Observing Experiences

The view from Rod Stubbings’ observatory (photo courtesy of Nicole Emanuel)

Published in the AAVSO Newsletter – April 2010

Enjoying the Unexpected


Having made my first observation of a variable star in 1993 I could not have imagined it would lead to such a rewarding hobby. The involvement with professionals and observers all around the world brings many observing experiences.

In the first few years of observing variable stars, I developed a very obsessive passion with these crazy stars. I would observe for two nights in succession without sleep, check the night sky on cloudy nights every half hour searching for breaks in clouds, stay in the observatory and observe in between rain and storms and set the alarm each night when the Moon was present to avoid it. Back then, contact with headquarters (RASNZ) was through letters, fax or, if important, by phone. There was a special program on the SU UMa-type eclipsing star OY Car which required satellite observations. I still remember detecting an outburst of OY Car at 2:00am one morning. Having never rung anyone outside of Australia before and at that time of the night I was a bit hesitant, and also I was about to alert the Director of the Variable star Section of New Zealand. I decided to make the call and to my surprise, the director, Dr Frank Bateson answered instantly! Just a quick “Okay Rod,” was the reply, but it was a great feeling knowing the satellite observations took place. This communication situation changed with the availability of the Internet and became much easier.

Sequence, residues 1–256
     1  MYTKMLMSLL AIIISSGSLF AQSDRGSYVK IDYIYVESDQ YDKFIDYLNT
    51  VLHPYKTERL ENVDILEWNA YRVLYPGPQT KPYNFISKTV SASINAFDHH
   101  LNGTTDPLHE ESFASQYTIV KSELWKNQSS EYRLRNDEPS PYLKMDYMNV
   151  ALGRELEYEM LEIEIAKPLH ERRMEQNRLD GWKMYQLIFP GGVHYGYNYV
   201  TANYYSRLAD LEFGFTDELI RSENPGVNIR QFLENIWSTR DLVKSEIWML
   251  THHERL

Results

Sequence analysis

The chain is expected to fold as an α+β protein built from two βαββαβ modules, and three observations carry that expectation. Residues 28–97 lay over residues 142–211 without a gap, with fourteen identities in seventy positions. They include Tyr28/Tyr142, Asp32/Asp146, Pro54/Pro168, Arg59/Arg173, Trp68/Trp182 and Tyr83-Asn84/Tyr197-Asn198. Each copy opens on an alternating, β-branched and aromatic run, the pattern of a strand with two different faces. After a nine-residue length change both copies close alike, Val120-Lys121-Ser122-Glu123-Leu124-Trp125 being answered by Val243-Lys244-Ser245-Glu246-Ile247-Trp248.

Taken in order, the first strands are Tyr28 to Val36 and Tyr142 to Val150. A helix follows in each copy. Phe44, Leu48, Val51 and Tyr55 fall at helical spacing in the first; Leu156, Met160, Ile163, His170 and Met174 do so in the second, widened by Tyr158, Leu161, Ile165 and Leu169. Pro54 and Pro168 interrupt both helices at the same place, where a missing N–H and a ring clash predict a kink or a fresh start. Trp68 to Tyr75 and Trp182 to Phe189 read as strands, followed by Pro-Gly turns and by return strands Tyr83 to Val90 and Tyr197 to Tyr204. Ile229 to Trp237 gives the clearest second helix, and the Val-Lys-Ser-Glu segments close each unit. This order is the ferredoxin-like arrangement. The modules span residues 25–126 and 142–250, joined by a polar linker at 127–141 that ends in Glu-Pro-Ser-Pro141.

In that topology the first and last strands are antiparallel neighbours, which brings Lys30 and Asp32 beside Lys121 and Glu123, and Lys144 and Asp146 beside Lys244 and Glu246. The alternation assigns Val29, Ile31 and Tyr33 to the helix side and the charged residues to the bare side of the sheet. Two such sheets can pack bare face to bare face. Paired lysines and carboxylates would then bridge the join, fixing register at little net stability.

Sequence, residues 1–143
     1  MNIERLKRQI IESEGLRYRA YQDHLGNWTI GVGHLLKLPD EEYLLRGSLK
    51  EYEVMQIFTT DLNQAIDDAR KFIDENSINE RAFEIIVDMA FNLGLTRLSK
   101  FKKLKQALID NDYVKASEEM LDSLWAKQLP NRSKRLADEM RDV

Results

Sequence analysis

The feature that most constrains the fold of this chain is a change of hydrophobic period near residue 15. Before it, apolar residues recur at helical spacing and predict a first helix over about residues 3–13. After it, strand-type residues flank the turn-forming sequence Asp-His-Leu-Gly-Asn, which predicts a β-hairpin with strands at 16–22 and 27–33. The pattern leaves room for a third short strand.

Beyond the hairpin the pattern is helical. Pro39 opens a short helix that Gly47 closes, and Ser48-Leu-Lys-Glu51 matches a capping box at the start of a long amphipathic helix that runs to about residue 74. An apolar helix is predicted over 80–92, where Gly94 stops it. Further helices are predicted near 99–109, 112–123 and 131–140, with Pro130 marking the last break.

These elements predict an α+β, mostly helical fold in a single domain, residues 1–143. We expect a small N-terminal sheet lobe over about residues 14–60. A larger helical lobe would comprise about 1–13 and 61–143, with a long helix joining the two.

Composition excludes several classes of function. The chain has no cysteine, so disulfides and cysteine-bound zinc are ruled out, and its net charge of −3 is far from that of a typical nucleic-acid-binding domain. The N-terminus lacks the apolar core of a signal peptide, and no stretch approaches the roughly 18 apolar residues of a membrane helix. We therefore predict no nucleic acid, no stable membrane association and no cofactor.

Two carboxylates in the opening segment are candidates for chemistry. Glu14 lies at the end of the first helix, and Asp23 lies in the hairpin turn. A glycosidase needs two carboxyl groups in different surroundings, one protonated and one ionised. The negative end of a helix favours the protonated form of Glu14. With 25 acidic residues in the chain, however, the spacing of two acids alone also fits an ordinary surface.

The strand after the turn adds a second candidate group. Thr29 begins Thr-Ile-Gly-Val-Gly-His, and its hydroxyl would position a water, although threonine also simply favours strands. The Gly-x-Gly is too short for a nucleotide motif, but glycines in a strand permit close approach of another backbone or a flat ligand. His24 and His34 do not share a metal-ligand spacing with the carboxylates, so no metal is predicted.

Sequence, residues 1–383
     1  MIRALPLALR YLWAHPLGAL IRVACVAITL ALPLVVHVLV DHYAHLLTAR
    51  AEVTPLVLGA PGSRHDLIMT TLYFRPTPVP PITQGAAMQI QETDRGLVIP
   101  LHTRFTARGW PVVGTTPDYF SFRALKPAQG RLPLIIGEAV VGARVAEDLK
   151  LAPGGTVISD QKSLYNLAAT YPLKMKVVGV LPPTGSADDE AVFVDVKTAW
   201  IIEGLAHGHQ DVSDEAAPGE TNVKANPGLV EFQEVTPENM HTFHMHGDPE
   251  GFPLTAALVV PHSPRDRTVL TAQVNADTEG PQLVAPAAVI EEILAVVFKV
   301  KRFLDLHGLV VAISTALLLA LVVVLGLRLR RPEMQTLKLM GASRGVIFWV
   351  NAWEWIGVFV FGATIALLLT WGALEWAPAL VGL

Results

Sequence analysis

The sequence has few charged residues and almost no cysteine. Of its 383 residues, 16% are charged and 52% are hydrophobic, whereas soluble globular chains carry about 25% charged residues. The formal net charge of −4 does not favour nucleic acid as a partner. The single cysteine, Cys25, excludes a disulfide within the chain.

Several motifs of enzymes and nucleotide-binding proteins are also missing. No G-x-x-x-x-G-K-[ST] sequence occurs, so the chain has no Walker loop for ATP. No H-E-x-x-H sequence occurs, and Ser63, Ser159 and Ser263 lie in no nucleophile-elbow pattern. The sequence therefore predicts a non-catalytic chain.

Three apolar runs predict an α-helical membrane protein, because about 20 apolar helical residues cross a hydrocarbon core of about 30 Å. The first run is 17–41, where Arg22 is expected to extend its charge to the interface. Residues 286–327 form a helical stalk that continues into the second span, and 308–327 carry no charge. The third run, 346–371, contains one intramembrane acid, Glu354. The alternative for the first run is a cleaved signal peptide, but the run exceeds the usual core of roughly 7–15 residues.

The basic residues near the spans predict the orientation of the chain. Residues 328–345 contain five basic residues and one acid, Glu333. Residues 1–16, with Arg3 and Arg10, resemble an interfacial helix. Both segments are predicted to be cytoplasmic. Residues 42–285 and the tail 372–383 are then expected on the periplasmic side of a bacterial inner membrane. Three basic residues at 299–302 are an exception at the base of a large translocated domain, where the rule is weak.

One time I received an email from Frank Bateson in regards to the SU UMa stars. When one went into outburst he wanted me to observe the star every minute. I replied that I usually get through my list in under two hours, went inside for a cup of tea, then back outside to observe some more, so I will endeavour to make these estimates every minute when a SU UMa star goes into outburst. Frank wrote back and commented that it is just as well that we no longer observe flare stars since there would be no dashing in for cups of tea. He well understood the problems of making observations at minute intervals: “Flare stars involved making a visual estimate every 30 seconds for unbroken spells of at least four hours. I was the only ‘nut’ ever to do this with temperatures well below freezing at Mt. John. It did bring rewards as when major flares occurred I got the entire flares whereas a German graduate who was recording photoelectrically lost the major part of the flares when his recorder ran off the scale. Mind you, I was younger then and even crazier than I am today.”